Starting from the Child: Teaching and Learning from 3 To 8

By Julie Fisher | Go to book overview

8
THE NEGOTIATED CLASSROOM
Issues of power and control

Introduction

The idea of learning being negotiated is a challenge to any curriculum that prescribes the process and content of experiences without taking into account the current needs and interests of children. A developmentally appropriate curriculum, as described in Chapter 3, is built on what individual children know and need to know next. It is a curriculum that starts from the child rather than expecting the child to start from the curriculum. It presupposes that children are aware of the purpose of the activities in which they are engaged and are able to make judgements about their value. When teachers see the desirability of motivating children in this way, then the learner is placed in a powerful position. Rather than being a passive recipient of someone else's decision-making and control, the learner is an active participant in the formation of their own classroom experiences. When young children exercise control in classroom situations it determines the relationship between teacher and learner. The relationship becomes a partnership in which children can negotiate input and outcomes in ways that increase their autonomy and sense of purpose. This does not diminish the role of the teacher but alters it. The idea that learning is controlled by the learner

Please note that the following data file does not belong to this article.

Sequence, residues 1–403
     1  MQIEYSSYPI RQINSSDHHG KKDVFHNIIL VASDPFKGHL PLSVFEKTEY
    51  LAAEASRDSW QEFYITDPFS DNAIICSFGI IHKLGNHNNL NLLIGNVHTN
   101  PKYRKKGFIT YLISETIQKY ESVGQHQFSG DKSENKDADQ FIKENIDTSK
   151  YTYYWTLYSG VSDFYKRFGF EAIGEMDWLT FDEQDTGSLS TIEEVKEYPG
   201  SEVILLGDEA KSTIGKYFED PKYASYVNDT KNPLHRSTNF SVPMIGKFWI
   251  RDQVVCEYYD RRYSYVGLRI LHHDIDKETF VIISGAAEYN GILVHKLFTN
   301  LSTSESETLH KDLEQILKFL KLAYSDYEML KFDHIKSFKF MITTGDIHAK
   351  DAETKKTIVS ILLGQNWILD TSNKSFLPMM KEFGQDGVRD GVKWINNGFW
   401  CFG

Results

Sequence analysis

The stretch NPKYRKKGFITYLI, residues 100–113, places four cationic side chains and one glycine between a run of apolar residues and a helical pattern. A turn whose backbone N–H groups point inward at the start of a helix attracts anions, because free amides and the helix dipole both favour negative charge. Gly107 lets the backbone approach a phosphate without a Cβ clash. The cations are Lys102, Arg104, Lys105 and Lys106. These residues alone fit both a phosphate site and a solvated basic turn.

presupposes that knowledge is not transmitted directly from
the teacher to the learner. It demands that both teacher and
learner recognise that the subject matter of learning resides

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